03.27.09

Bankers to Feel Sorry For

Lost amid the outrage over AIG bonuses are the stories of midlevel employees who were just doing their jobs. William D. Cohan talks to Alex Manos, who worked at Bear Stearns for 22 years.

Lost amid the outrage over AIG bonuses are the stories of employees who were just doing their jobs. New York Times best-selling author William D. Cohan, who wrote the Bear Stearns book House of Cards, on the story of 52-year-old Alex Manos.

Just as Warren Buffett observed so astutely that “only when the tide goes out do you discover who’s been swimming naked,” the collapses of Bear Stearns, Lehman Brothers, and AIG in the past year have left in their wake a plethora of sad—and all too human—stories of professional and financial misery.

The latest chapter in the saga comes from the beleaguered—but terribly unsympathetic—employees of AIG’s financial-products unit. There were around 400 employees in this group, most of whom had nothing to do with manufacturing and selling the dreaded “credit-default swaps”—insurance policies sold to protect investors against payment defaults on a given company’s debt securities—that plunged AIG into financial peril and have cost the American taxpayer some $175 billion so far and counting.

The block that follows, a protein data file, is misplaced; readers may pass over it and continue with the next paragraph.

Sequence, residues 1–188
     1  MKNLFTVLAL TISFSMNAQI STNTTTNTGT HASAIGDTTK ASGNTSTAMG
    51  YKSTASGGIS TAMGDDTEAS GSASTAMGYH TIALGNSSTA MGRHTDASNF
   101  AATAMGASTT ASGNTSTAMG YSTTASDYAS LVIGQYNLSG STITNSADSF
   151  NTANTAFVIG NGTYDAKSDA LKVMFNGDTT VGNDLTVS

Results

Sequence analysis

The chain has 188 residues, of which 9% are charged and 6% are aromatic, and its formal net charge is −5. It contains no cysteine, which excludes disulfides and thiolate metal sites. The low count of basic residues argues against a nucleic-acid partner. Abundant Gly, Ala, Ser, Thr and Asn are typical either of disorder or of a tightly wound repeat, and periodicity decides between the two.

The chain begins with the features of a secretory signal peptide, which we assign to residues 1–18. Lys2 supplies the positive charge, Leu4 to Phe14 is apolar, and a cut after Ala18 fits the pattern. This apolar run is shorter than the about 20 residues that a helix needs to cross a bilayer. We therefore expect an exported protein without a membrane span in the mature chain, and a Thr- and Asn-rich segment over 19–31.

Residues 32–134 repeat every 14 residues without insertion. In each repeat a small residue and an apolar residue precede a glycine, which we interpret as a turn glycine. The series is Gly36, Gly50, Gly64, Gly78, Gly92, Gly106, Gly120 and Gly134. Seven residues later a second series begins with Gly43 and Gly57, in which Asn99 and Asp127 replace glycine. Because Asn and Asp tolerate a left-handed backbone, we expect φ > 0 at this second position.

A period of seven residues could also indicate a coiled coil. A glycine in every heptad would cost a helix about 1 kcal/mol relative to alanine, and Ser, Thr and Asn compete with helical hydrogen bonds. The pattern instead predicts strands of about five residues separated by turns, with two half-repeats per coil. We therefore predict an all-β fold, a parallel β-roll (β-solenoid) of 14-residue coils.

For 22 years, he commuted two hours each way from his home in Manalapan, New Jersey, to Brooklyn. In his final years at Bear Stearns, his base salary was a respectable $84,000.